Winter isn’t the only time pups pack on a few extra pounds — the high temps of summer can keep dogs from activities that help them stay trim. With that in mind, we talked to Jennifer Adolphe, PhD, RD, as well as Senior Nutritionist at Petcurean, about her own pups, how to tell if dogs are developing a weight problem, and how to solve it.
I have three fur kids, Roxi, Timber, and Chip. They are Australian Shepherds aged 13, 10 and 6 years, respectively. I fell in love with the breed when I saw one perform at a dog sport event. I thoroughly researched the breed before getting Roxi, which I recommend everyone do before adding a pet to their family. I learned that Aussies are highly active, which makes them a challenging breed for many people, but was perfect for me as I wanted a running partner. My dogs motivate me to spend time outside every single day no matter what the weather, which keeps me active year-round.
I’m very particular about my dogs’ diets, so they have never had a weight problem. I weigh out their food allowance every day, as weighing is much more accurate than using a measuring cup. I adjust their food intake routinely based on their body weight and body condition score to ensure that they maintain an ideal body weight.
An estimated 40 percent of pets are overweight, which can have a significant impact on their health and quality of life. My research investigated the health effects of obesity in dogs. It is quite astounding how quickly a dog can gain weight if overfed and how challenging it can be to lose the weight. This is why is it so important to prevent weight gain in the first place.
The best way to figure out a dog’s ideal weight is by using a body score chart. Dogs should have a tummy tuck when viewed from the side, and you should be able to feel your dog’s ribs and hip bones without pressing hard. If you determine that your dog is overweight, slightly decrease the amount of food you offer to achieve a weight loss of 1-2 percent of body weight per week. Weekly weigh-ins are important to avoid rapid weight loss, as this can be detrimental to your dog’s health. Continue to adjust the amount of food and exercise your dog receives until an ideal body weight is achieved.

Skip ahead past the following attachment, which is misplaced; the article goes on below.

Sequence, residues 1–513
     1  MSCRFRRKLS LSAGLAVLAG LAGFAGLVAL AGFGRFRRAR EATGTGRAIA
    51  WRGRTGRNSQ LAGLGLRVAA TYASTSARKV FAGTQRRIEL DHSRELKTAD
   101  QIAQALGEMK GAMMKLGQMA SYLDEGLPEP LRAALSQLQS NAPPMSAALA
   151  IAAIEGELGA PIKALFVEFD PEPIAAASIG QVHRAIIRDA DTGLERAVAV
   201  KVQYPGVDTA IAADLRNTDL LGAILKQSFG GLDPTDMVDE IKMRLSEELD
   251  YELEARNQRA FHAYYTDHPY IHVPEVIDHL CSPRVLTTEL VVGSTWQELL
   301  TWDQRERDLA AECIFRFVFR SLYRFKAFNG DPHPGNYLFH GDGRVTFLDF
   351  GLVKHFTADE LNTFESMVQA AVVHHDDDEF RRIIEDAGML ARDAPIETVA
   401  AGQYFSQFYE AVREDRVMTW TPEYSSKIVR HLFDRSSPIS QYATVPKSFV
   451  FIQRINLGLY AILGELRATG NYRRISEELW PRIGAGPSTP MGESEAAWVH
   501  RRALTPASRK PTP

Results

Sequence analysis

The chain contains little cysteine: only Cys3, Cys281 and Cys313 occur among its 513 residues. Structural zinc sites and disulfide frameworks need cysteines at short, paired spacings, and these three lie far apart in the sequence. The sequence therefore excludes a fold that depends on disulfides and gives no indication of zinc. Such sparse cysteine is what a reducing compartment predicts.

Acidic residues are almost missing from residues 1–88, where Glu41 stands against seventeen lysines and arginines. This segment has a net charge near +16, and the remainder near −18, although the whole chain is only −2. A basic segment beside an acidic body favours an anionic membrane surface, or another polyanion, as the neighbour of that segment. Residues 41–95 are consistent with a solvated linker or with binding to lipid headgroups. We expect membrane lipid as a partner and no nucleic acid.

A body weight of approximately 10-15 percent above ideal is considered overweight for dogs.
The reduction in food that is needed to induce weight loss can vary significantly from dog to dog. A decrease of 10-20 percent is a good starting point, with the overall goal being a steady decrease in body weight of 1-2 percent per week. Dog food recipes designed for weight loss may help by keeping your dog feeling satisfied while reducing calorie intake.
It is important to remember that feeding guidelines on pet food labels are simply recommendations and that the amount fed needs to be adjusted to maintain ideal body weight. Even dogs with the same body weight can have large differences in their energy requirements. As an example, I knew two healthy, lean Beagles who were exactly the same body weight, but one of the Beagles required double the amount of food as the other dog!
We all love giving our dogs a treat once in a while. When it comes to choosing a treat, a dog’s individual preference is often a factor. Treats that are rich in meat are often considered by many pets to be “high value” and are great for training. Since the calories from some treats can add up fast, it is important to carefully monitor how many treats you provide to prevent weight gain. Fresh veggies, such as carrots, can make great low calorie treats.
My dogs need a lot of physical and mental exercise, so we do some kind of outdoor activity almost every day. In the hot summer months, we venture outside first thing in the morning or late evening to avoid extreme temperatures. We also will play indoors when the weather is too hot so that they get enough activity. They love to play fetch and “find the kibble.”
Let’s hear from you, readers. How have you helped your dog lose weight, whether through diet modifications or indoor activities.